What if as it says in 2 Cor 5 (*see footnote at the bottom of the post), Jesus actually died for ALL? What if God, through Jesus actually was reconciling the WORLD to himself? What if he really isn’t COUNTING THEIR TRESPASSES AGAINST THEM? And what if, what if God actually wants to make his appeal THROUGH US? As far as I can tell from the passage, Jesus, by dying secured victory over sin and death.

My husband pointed out an N.T. Wright quote and response he read online yesterday when he was proofreading my rough draft of this post. I thought it fit right in so I am going to share it.

The Quote:

“This is what happens when people present over-simple stories with an angry God and a loving Jesus, with a God who demands blood and doesn’t much mind whose it is as long as it’s innocent.“ You’d have thought people would notice that this flies in the face of John’s and Paul’s deep-rooted theology of the love of the triune God: not ‘God was so angry with the world that he gave us his son’ but ‘God so loved the world that he gave us his son’. That’s why, when I sing that interesting recent song ‘In Christ alone my hope is found’, and we come to the line, ‘And on the cross, as Jesus died, the wrath of God was satisfied’, I believe it’s more deeply true to sing ‘the love of God was satisfied’.”       –N.T. Wright

The Response:

It is not the wrath of the Father against the Son, much less the wrath of God against Himself, that is satisfied on the cross; but the justice of fair-togetherness: God willingly shares in the suffering both of sinners and victims alike. God doesn’t punish Himself, the Father isn’t punishing the Son (and especially not for something someone else did that the Son didn’t do!); but God is sharing in the suffering of punishment.

For sinners, the suffering is punishment. For God, the suffering is love for the sinners. (And abuse by sinners, too, willingly allowed by God. The sacrifice on the cross is a highly complex action. The intention isn’t complex, though: love for everyone, sinner and victim alike. :) )  –Jason Pratt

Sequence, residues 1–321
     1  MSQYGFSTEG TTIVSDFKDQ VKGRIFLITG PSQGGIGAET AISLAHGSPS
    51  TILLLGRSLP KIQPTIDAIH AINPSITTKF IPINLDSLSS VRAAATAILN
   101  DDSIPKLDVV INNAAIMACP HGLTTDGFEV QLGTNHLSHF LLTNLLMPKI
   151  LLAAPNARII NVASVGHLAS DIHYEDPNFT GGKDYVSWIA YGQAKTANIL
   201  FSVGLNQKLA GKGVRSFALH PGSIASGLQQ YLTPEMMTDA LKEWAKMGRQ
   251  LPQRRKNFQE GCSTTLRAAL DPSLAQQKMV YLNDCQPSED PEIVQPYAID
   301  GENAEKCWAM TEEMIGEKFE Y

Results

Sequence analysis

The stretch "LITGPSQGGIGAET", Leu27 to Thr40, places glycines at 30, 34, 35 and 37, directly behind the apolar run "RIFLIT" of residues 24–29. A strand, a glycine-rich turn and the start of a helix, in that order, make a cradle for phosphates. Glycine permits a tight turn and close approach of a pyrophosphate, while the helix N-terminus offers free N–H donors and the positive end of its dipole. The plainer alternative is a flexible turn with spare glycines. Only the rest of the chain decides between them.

I do not claim to know for sure who all will be saved. But as Christine A. Scheller said in her article about Dallas Willard who passed away this week,  “A consequence of Willard’s academic honesty is his unwillingness to state who’s in and who’s out spiritually, which bothers critics who worry that he is a universalist. He says he doesn’t believe anyone will be saved except by Jesus, but he adds, “How that works out, probably no one knows.”

I like that. I like to at least consider that there will be more people in on this thing we call redemption than we think.

Perhaps in the future when I am confronted by wrongdoers (as my friend called them), I might change my responses to, “Won’t he/she be surprised in the end?” and mean surprised by forgiveness.  Or maybe, “Vengeance (repayment exacted for an injury or wrong) belongs to God” and remember that God tells me not to repay evil with evil. And rather than say, “I hope they burn in hell,” perhaps I will learn to say, “I hope they become who they always should have been.” I’m not there yet. I have a ways to go. What if you came with me?

*For the love of Christ controls us, because we have concluded this: that one has died for all, therefore all have died; and he died for all,that those who live might no longer live for themselves but for him who for their sake died and was raised. From now on, therefore, we regard no one according to the flesh. Even though we once regarded Christ according to the flesh, we regard him thus no longer. Therefore, if anyone is in Christ, he is a new creation. The old has passed away; behold, the new has come. All this is from God, who through Christ reconciled us to himself and gave us the ministry of reconciliation; that is, in Christ God was reconciling the world to himself, not counting their trespasses against them, and entrusting to us the message of reconciliation. Therefore, we are ambassadors for Christ, God making his appeal through us. We implore you on behalf of Christ, be reconciled to God. For our sake he made him to be sin who knew no sin, so that in him we might become the righteousness of God.

Response

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Have you seen this meme? It has just hit facebook and is all up in my feed. Here is my response…